Germany, the UK, and Austria are the first donors to a Green Recovery Initiative, which aims to help countries build a low-carbon, climate-resilient recovery from COVID-19. Funding will be provided through a new flagship World Bank trust fund, the Climate Support Facility, which was launched on December 10, 2020 with an initial investment of $52 million from the German Federal Ministry of Economic Cooperation and Development, the UK’s Foreign, Commonwealth and Development Office, and the Austrian Federal Ministry of Finance.
The Facility, whose launch is timed with the 5th anniversary of the Paris Agreement, will provide support for technical assistance and advisory services. In addition to focusing on the green recovery, it will also support countries to enhance their national climate targets (the Nationally Determined Contributions or NDCs) and in their efforts to integrate climate into long-term development planning. It will also fund analytical tools and knowledge development to inform country climate planning and development strategies.
Expanding on the work of the World Bank’s NDC Support Facility, which has assisted over 50 countries since its establishment in 2016, the new trust fund will:
- Embed specialized economic advisors in key government ministries to assist with climate-informed national recovery strategies;
- Help countries develop macroeconomic models that incorporate climate into national budgets, enhance their NDCs, and support the development of long-term strategies for decarbonization; and
- Generate new analytical work: including geospatial data on climate risk, the impact of COVID-19 on carbon emissions, and the effect of climate policies on jobs and livelihoods.
The trust fund will be housed in the World Bank’s Climate Change Group, and will draw on and build technical expertise across the institution and support the $160 billion in emergency response operations that the Bank has already committed to COVID-19 recovery.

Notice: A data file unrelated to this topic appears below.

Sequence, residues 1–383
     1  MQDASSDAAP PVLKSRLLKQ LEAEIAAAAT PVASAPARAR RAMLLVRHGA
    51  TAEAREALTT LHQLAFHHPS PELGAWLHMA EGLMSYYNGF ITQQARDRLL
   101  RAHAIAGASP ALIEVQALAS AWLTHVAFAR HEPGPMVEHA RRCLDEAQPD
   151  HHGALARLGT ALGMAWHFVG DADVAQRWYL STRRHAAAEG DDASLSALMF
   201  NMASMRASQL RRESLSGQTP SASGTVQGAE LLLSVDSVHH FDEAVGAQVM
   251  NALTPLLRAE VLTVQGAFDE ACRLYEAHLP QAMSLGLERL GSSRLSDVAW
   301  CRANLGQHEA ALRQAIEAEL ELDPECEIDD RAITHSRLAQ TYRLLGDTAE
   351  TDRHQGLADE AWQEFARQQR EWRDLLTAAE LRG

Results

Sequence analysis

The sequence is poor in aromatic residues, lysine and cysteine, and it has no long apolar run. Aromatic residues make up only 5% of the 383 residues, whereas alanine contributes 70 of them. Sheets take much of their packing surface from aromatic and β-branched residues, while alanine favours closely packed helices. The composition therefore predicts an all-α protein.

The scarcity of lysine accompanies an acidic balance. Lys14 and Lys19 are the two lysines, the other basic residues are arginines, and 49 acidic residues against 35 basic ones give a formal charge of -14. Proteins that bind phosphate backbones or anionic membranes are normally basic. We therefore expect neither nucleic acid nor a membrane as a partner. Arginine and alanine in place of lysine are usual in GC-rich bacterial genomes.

“Countries have a unique opportunity to shape a recovery from the pandemic that also works for people and the planet.” said Mari Pangestu, the World Bank’s Managing Director of Development Policy and Partnerships. “Through the Green Recovery Initiative, we, at the World Bank, can ensure that our support to countries is more effective and tailored to better suit their needs at this critical juncture. It will help them implement policies that can deliver immediate benefits, such as urgently needed jobs and economic growth, while also putting in place pathways to decarbonize and build resilience.”
“It is important that climate action is at the heart of the recovery efforts. Because climate change is progressing, including during COVID-19 times, and it is threatening the livelihoods of hundreds of millions of people – especially in developing countries,” said Dr. Gerd Müller, German Federal Minister for Economic Cooperation and Development. “That is why Germany is supporting the World Bank’s efforts to go for climate action in its recovery programme right from the start. The funds will be used to strengthen strategic advice to partner countries for green reforms so as to ensure that the World Bank’s major recovery programmes go directly toward climate action, the phasing out of subsidies for fossil fuels and improved conditions for renewable energy.”
“As we turn the corner in the global battle against COVID-19, we face choices that will have profound and long-term impacts for people and planet,” said Lord Goldsmith, UK Minister for the Environment. “The UK is proud to be part of the World Bank's new Climate Support Facility, which will support countries to recover in a greener, more inclusive and resilient way that addresses economic needs, tackles climate change and prevents the loss of nature and biodiversity.”
“COVID-19 poses a major threat to nations’ efforts to reduce carbon emissions,” said Harald Waiglein, Director General for Economic and Finance at the Austrian Ministry of Finance. “That’s why we are teaming up with the World Bank as a knowledge hub and financing partner to help the Western Balkan Region with climate-friendly economic stimulus packages to foster green growth.”